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Editor's Note: Cecilia André is one of the Ankhlave artists featured in the Queens Botanical Garden. Read Quail Bell's story about Ankhlave's garden project here.
I make large outdoor installations and use color transparencies to cast colored shadows. These pieces invite viewers to bathe themselves in colored lights, to experience my patterns and designs on their skin or clothing. Animals have bathed in my light pieces, too. As clouds cover the sun, the colored shadows fade then reignite as the sun comes out, bringing curiosity and awareness to the phenomena of daylight and sunshine which surrounds us daily.
In my paintings I have always stretched my own canvases. It makes me aware of the tensioned grid. I stretch and stitch vinyl and linen pieces, creating topographies on my canvases. The gaps invite the wall behind to participate. I use antique and embroidered bedding linens which highlight the contrast between the perfectly executed designs of traditional craftwork and my coarse, impromptu stitching.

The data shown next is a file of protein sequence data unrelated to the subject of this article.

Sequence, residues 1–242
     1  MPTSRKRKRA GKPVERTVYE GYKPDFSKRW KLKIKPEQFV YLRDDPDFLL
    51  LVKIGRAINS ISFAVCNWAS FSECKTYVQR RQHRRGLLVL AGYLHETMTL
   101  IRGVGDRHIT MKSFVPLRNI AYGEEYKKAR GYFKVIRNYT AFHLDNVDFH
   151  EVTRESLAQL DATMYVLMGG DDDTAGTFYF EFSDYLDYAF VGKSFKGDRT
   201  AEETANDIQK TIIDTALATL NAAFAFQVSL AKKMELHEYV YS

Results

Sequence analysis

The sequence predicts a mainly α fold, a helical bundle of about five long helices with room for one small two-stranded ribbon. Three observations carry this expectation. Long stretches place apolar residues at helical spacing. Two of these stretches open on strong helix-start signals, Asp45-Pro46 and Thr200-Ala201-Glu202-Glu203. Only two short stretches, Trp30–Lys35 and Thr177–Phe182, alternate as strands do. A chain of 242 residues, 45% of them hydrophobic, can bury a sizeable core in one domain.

The use of bedding linens introduces the element of sleep and unconscious, which is often associated with the feminine arena, as opposed to logic and rationality. Small sculptural pieces of wood or clay reinforce the surrealistic element in my canvases. By incorporating craft produced by anonymous embroiderer women in Brazil and showcasing it within my work, I celebrate (and desecrate) the craftwork of this past era, which once defined the range of a woman's creativity. As I develop my work, I restore a sense of feminine authorship by embedding craft into art.